Ancient healing art Qi Gong taught weekly in downtown park
By Steve Furay
Special to the Michigan Citizen
Eighteen years ago, Emily Rogers walked into her doctor’s office in Atlanta, Ga., for back pain that nearly disabled her. Rather than commit to surgery or a dependence on pain killers, the doctor taught her about Qi Gong (pronounced chee-gung) and allowed her to experience the body’s natural healing ability.
“By the time I would leave his office, I would feel invigorated, just great,” Rogers told The Michigan Citizen. “My doctor constantly told me about peace, just being still, peaceful, and he promoted love, love all the time. So I held onto that.”
Thus began her pursuit of Qi Gong, knowing her healing was in part indebted to an art form of movement and breathing that began in ancient China at least 5,000 ago. Every Tuesday, weather permitting, at 5:30 p.m. in the garden at Lafayette Greens in downtown Detroit, Rogers teaches Qi Gong for a suggested donation of $5, the sessions last 30-40 minutes.
Qi Gong is a practice of self-healing; the movements use the breath as the focal point. Rogers teaches Spring Forest Qi Gong, a style taught around the world adapted for a modern lifestyle.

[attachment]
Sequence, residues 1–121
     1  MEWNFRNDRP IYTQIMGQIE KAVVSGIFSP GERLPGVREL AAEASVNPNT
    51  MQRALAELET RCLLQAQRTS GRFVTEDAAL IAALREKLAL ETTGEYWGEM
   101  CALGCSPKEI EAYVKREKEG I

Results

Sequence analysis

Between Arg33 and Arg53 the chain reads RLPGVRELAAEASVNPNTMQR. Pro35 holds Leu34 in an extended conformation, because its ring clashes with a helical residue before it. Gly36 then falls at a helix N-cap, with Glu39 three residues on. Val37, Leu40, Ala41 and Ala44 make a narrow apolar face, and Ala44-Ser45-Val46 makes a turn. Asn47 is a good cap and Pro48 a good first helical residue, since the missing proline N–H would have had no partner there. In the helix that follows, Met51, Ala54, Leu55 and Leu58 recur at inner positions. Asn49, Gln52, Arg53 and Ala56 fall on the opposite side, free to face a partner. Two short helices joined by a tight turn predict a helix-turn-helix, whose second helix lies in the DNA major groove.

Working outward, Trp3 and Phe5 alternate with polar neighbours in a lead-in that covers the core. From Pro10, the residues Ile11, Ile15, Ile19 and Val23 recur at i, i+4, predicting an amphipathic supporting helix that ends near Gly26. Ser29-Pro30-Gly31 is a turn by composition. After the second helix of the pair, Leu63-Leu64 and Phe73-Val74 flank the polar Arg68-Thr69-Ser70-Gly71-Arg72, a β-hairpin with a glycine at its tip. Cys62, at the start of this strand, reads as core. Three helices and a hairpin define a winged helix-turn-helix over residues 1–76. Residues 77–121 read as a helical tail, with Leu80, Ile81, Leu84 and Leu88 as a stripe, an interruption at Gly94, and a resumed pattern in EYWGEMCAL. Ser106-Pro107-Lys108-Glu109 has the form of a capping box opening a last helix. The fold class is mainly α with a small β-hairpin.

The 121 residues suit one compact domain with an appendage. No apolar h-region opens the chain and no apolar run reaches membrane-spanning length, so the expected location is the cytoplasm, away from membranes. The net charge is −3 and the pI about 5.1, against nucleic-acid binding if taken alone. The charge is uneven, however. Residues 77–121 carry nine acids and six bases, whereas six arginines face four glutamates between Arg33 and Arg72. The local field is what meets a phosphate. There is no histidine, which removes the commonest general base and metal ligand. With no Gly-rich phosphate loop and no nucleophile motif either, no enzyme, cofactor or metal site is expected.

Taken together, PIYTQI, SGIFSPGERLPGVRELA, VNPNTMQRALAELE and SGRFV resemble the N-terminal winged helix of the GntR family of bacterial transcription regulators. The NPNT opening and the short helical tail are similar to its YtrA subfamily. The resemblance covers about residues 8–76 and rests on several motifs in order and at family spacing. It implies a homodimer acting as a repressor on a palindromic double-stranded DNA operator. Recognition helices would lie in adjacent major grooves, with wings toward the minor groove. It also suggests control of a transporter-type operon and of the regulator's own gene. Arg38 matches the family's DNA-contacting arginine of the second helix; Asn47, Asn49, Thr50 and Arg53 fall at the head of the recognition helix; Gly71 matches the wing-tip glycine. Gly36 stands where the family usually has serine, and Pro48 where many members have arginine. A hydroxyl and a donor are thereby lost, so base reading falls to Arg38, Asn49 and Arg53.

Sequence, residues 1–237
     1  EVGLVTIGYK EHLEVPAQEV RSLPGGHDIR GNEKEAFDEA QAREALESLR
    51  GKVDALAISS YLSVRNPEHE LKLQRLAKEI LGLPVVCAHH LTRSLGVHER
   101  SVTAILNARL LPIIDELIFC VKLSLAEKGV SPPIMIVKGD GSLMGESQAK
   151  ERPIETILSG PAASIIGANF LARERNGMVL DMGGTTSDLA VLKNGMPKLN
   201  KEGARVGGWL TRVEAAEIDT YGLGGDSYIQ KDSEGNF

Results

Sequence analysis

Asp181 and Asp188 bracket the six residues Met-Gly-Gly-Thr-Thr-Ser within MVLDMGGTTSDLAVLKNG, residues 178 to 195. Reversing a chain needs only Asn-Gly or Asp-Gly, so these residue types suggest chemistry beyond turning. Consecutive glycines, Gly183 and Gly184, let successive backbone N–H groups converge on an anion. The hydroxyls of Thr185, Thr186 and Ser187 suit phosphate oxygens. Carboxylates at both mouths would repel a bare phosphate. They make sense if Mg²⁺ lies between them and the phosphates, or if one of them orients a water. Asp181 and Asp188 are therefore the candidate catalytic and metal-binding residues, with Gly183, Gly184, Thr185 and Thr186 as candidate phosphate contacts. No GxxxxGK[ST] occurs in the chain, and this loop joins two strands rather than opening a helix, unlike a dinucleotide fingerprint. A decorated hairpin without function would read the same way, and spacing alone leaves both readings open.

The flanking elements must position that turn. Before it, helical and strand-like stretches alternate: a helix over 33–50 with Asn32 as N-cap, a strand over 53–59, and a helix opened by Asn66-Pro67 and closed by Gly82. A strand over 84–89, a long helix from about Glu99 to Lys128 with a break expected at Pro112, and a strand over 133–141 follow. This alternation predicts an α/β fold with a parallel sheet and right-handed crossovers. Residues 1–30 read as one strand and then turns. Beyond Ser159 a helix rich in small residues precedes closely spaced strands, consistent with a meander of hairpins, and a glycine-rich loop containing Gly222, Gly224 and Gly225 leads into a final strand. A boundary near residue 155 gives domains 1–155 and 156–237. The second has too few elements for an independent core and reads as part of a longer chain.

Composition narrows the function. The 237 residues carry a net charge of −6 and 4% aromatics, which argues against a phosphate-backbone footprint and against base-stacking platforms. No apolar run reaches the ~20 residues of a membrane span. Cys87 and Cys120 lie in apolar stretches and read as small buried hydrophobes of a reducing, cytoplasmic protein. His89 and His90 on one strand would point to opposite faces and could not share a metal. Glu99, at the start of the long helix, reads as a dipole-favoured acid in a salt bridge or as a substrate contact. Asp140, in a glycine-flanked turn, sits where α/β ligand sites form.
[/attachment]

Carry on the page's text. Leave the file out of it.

“There are four elements that are very important,” says Rogers, who credits Qi Gong as helping her heal from two recent bouts of breast cancer, her first diagnosis in 2006. “We do Spring Forest to music, which relaxes us even more. When we move, we move every joint in our bodies. We visualize. Visualization is extremely important in Spring Forest Qi Gong, because your thoughts create certain impressions on your body — healing impressions, all kinds of impressions.
“And we do deep breathing. Deep, deep breathing at all times,” she said. “It allows for more endurance when you’re doing things — you can run faster, walk faster — it relaxes your body, it allows oxygen to get to different organs of your body and especially your blood stream. Deep breathing is just invaluable.”
The fluid movements are rhythmic. An inhale begins a motion where arms may extend out, raise up or roll to a standing position by full inhale. By the end of the exhale, the body may have been held in a stance or the motion continued in rotation. The next breath cycle begins, and the movements move through a simple routine easy to remember and adapt within one’s daily life.
Benefits include cardiovascular (heart) health, improved metabolism, balancing of sex hormone levels, increased bone density, slowing of the aging process, joint lubrication and relief for the nervous system, producing feelings of contentment.
Rogers began teaching Qi Gong in Louisiana, her home state, to homeless and abused women in shelters as a way to ease their depression. She knew from her own life the dangers of stress and negative thought and how this practice works to create balance.
In addition to Qi Gong, her daily discipline to remain cancer free includes a raw diet with fresh fruit and vegetable juice, proper water intake, exercise, sunshine and fresh air, and thoughts of gratitude.
“The exercises are simple, but they are very powerful,” said Rogers about Qi Gong. “And you can feel the energy.”
Lafayette Greens is located at W. Lafayette and Shelby in downtown Detroit. For more information, contact Emily Rogers at Emily@vivaciouslivingnow.com